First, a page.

This scene is from the first incarnation of the novel. It made it through one or two editing rounds, and then I cut it out, mostly for brevity’s sake, but also because I didn’t like the tone it set for Res and Wyatt’s relationship. But, it’s an amusing read on its own. It takes place just after the Massawangee Cypress Swamp Stone trial when Resonance is talking to the necromancers about her mother’s growing interest in Doug, and dissipating trust in her daughter.
“I’m sorry. If there’s anything I can do,” Wyatt said.
“You can give me a paycheck,” Resonance said.
“I’m sorry, what did you say?” Wyatt’s eyes widened.
“You know what I said.” She gave a cool shrug. “I’ve kinda been telling Mom I’ve been coming here for on-the-job-training for the past two weeks. I told her it was without pay, which she flipped over, but then I told her it would be given to me in back pay after the three month probation period.” She paused to gauge Wyatt’s reaction–which took the form of a bulging vein in the middle of his forehead. “Soon, though,” she continued, biting back a smile, “she’s going to start harping on me about bringing home a check, so I thought you could just write me one. Eight hundred ought to cover it.”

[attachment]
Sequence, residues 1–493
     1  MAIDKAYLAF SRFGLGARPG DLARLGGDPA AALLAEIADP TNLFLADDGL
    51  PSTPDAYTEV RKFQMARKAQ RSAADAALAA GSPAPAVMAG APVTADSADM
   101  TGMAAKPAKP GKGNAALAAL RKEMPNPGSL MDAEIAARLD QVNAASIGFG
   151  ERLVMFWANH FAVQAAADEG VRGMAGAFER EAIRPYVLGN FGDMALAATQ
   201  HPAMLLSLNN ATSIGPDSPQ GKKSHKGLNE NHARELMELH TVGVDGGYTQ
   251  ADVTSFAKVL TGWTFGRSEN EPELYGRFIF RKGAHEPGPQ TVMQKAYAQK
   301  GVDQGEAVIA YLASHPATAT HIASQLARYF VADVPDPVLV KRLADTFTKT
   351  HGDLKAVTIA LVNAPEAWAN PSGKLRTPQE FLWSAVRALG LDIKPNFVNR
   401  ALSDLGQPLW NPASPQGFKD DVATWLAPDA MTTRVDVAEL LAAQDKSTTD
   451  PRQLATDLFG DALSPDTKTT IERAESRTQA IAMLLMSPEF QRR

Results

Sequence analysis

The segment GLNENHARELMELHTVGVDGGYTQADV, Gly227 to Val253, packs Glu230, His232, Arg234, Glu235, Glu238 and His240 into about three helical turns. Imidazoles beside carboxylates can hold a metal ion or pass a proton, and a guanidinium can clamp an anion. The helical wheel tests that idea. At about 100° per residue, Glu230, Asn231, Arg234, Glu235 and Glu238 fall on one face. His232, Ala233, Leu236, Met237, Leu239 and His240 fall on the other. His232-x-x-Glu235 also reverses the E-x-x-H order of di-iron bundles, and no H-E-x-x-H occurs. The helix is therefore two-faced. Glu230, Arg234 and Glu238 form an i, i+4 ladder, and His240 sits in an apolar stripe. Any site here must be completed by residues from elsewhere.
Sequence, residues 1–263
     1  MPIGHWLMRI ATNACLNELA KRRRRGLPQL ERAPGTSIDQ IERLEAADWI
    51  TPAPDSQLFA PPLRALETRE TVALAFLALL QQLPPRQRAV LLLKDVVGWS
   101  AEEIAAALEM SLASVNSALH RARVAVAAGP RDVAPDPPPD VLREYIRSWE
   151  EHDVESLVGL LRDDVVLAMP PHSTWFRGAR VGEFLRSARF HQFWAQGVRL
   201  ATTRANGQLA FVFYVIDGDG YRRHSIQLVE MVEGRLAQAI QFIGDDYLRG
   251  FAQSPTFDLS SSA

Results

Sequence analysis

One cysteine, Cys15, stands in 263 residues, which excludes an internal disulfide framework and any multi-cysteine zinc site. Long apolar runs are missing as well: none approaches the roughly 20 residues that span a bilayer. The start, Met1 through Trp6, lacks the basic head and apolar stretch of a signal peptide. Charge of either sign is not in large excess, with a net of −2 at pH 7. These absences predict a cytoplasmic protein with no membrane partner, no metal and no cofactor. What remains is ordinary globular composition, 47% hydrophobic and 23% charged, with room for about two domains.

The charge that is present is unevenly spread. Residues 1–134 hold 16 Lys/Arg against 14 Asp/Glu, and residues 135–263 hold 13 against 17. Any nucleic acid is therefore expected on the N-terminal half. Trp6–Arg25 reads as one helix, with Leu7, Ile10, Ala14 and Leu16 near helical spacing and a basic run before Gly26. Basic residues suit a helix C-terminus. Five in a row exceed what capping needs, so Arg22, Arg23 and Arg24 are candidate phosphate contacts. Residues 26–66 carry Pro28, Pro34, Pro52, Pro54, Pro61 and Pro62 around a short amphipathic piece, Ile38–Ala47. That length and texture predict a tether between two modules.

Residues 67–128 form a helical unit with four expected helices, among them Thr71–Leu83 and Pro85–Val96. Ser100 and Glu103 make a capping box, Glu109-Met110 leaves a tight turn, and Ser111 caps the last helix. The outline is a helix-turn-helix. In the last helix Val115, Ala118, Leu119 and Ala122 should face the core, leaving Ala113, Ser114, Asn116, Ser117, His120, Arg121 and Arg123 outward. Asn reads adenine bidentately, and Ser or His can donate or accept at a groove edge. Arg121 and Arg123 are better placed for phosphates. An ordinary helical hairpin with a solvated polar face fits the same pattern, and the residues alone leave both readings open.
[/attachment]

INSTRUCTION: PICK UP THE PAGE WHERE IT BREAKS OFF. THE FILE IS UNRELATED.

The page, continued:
“I–don’t, I…” Wyatt stammered.
“Come on, I won’t even cash it. I just need to show her something to get her off my back.”
“I can’t just… Why didn’t you…?” He turned an accusatory stare on Quinn. “Did you know about this?”
Quinn looked nonplussed.
“We haven’t been talking too much lately,” she answered, voice flat, eyes daring Quinn to speak. She shrugged again. “It’s no big deal, really. You don’t have to do it. Of course, Mom might come knocking on your door, demanding to know why I haven’t gotten paid. She would, you know. She thinks I’m a drooling idiot. Even worse, she’ll accuse me of funneling it all up my arm and turn me over to some rehab clinic in upstate New York, which would severely hamper my saving the world and all.”
“Are you always this manipulative?” Wyatt asked, the first hint of a smile crinkling the corners of his eyes.
“Pretty much.” She flashed a wolfish grin.
“Why don’t you just get a job?”
“Please. I can barely look at people, let alone work with them. Besides, you’d rather have me here, memorizing all of your family journals and magic books and becoming your personal reference set, right?”
“I’ll see what I can do,” Wyatt said, shaking his head. “You are a little extortionist aren’t you?”
“If I was that bad, I’d make you give me cash.”
“Thanks so much,” Wyatt replied dryly. “If your mother has questions”–he sighed audibly–“tell her to call me.”